Diocese of Winchester. Gules St. Peter's keys crossed with St. Paul's sword.


The church of ALL SAINTS consists of a chancel 20 ft. 4 in. by 15 ft. 10 in., nave 41 ft. 2 in. by 16 ft. 9 in., south aisle 6 ft. 8 in. wide and north porch.

The north-east angle and doubtless much of the north and east walls of the nave are of pre-Conquest date, belonging to a building which had a nave about 28 ft. long by the present width (16 ft. 9 in.), and a small chancel probably some 12 to 14 ft. square. To this nave a narrow south aisle was added with an arcade of two bays about 1180–90, and the chancel arch was perhaps rebuilt at this time. In the 14th century the arches of the south arcade and the chancel arch were renewed and windows inserted in the south aisle. The chancel appears to date from the 15 th century, but may not be the immediate successor of the early chancel.

A squint from nave to chancel was cut in the south jamb of the chancel arch after the chancel was widened. In modern times the church has been lengthened by some 13 ft. or more, an additional bay being built on to the arcade, and the bell-turret erected above the roof. The pressure of the roofs has forced the chancel walls outward, and the east wall has been rebuilt and a new roof put on, with several smaller repairs; the north porch is also modern.

The east window of the chancel is a modern one of three lights under a traceried head; south of it in the east wall is a plain ogee-headed recess with ledges for a shelf. There are no sedilia or piscina. In each side wall are two wide single windows of 15 thcentuiy date with cinquefoiled lights and small cusped piercings over under square heads, with moulded labels. Between the southern pair is a blocked pointed doorway, the outer stonework of which has been renewed and set upright to buttress the great outward lean of the wall. The chancel arch has old square jambs which have been much mutilated and are now mostly of modern stone, with plain hollow-chamfered abaci; these may be of late 12th-century date, while the arch is a pointed one of two chamfered orders; it is thinner than the jambs, being probably of 14th-century rebuilding. In its south jamb is a squint with a round head.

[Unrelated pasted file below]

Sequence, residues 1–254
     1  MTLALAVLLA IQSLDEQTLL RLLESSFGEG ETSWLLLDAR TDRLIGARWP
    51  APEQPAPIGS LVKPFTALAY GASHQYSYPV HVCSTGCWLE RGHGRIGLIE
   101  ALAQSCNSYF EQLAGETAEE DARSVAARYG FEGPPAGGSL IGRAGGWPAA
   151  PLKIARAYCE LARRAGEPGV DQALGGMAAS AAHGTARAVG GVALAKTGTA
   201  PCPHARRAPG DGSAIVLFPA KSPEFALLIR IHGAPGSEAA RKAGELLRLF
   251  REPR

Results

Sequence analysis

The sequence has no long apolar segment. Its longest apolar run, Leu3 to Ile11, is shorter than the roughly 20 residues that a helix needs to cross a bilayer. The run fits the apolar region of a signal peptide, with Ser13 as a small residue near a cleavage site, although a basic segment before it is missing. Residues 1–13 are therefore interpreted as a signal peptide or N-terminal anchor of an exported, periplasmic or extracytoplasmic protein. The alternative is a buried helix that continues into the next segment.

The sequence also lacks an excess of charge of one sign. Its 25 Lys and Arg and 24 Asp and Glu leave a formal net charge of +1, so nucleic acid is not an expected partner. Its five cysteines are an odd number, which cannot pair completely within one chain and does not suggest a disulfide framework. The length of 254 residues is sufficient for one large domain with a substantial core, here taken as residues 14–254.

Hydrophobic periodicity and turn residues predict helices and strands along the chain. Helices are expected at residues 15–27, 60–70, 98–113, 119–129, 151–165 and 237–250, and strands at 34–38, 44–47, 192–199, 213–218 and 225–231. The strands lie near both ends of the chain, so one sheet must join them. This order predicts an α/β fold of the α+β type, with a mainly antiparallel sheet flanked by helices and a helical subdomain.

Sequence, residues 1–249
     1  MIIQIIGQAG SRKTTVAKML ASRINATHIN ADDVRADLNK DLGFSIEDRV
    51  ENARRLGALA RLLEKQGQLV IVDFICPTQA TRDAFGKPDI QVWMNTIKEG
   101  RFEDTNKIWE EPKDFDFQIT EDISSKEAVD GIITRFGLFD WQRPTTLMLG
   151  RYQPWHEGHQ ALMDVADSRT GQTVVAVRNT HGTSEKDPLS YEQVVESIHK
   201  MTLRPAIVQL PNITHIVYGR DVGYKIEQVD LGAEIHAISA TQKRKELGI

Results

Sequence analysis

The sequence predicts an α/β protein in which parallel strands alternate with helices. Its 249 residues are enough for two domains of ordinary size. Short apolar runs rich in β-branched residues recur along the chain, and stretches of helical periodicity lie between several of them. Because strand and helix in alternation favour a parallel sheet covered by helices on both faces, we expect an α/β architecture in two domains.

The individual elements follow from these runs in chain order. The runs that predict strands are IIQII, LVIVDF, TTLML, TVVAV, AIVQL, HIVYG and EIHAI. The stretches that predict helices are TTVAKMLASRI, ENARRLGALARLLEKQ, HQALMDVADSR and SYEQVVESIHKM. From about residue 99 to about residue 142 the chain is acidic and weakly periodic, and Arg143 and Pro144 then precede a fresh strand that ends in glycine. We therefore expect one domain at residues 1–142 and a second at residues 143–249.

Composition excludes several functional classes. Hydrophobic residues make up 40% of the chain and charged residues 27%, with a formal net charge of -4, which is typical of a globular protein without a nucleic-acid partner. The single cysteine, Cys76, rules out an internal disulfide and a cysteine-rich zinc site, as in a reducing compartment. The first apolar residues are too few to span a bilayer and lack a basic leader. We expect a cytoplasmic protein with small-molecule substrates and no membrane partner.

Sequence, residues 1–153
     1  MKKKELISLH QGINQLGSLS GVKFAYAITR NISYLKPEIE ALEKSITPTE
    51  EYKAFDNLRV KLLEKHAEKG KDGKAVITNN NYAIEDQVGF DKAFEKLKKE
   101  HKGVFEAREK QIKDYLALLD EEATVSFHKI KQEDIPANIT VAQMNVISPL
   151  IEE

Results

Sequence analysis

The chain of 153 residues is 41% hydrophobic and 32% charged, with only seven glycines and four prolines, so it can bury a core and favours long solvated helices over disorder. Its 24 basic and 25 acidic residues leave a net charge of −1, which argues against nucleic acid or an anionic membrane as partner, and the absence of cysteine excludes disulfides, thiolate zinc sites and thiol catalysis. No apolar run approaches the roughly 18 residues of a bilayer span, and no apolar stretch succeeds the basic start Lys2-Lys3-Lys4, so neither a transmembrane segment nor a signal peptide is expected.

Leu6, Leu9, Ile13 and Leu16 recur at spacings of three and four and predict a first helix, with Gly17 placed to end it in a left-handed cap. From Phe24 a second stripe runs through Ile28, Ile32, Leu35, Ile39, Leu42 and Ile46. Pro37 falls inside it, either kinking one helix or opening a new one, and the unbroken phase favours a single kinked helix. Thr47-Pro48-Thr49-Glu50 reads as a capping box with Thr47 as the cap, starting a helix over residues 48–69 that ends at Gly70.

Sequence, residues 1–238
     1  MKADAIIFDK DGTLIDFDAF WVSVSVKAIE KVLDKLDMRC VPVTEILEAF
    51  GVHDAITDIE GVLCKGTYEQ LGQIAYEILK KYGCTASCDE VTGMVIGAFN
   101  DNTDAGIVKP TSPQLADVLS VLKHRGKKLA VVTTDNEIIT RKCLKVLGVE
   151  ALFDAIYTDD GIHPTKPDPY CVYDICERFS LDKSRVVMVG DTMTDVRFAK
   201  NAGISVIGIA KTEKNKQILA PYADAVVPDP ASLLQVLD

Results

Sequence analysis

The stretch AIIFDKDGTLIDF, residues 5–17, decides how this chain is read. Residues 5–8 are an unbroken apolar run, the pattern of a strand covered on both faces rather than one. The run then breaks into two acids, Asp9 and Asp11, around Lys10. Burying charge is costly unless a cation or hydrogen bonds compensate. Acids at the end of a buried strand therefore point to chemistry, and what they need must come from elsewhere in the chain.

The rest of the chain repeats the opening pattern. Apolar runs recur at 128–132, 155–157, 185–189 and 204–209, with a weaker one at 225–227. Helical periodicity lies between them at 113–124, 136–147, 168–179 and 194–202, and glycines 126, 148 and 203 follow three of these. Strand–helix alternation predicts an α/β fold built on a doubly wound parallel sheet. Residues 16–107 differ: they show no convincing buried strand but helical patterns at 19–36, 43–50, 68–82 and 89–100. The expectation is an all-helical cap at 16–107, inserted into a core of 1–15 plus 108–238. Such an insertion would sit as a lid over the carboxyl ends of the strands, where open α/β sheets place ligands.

The north-east angle of the nave has well-marked long and short quoins of pre-Conquest date, set out to stop the original external plastering, which has now been taken off. Both north windows of the nave are modern, that at the north-east being of three cinquefoiled lights under a square head of 14th-century style, while the other, west of the north door, is a modern lancet.

The north doorway has a pointed arch of a single chamfered order, with hollow-chamfered abaci and a chamfered label; the stone has been retooled and altered, but may be of late 12th-century date.

The south arcade has three bays with round pillars and half-round responds; they have base moulds with a small hollow between two rolls—on a square subbase; the capitals are square with fluted scallops of very late type, and the abaci are hollow-chamfered below. The arches are pointed and have small edge chamfers, the outer half order on the north side being cut back above the capitals, which are not wide enough to take it. The eastern respond and the first pillar are 12th-century work, the second pillar and the western respond are modern; the first two arches are also old, probably 14th-century work, while the third arch is modern. In the west wall of the nave are two modern lancet windows.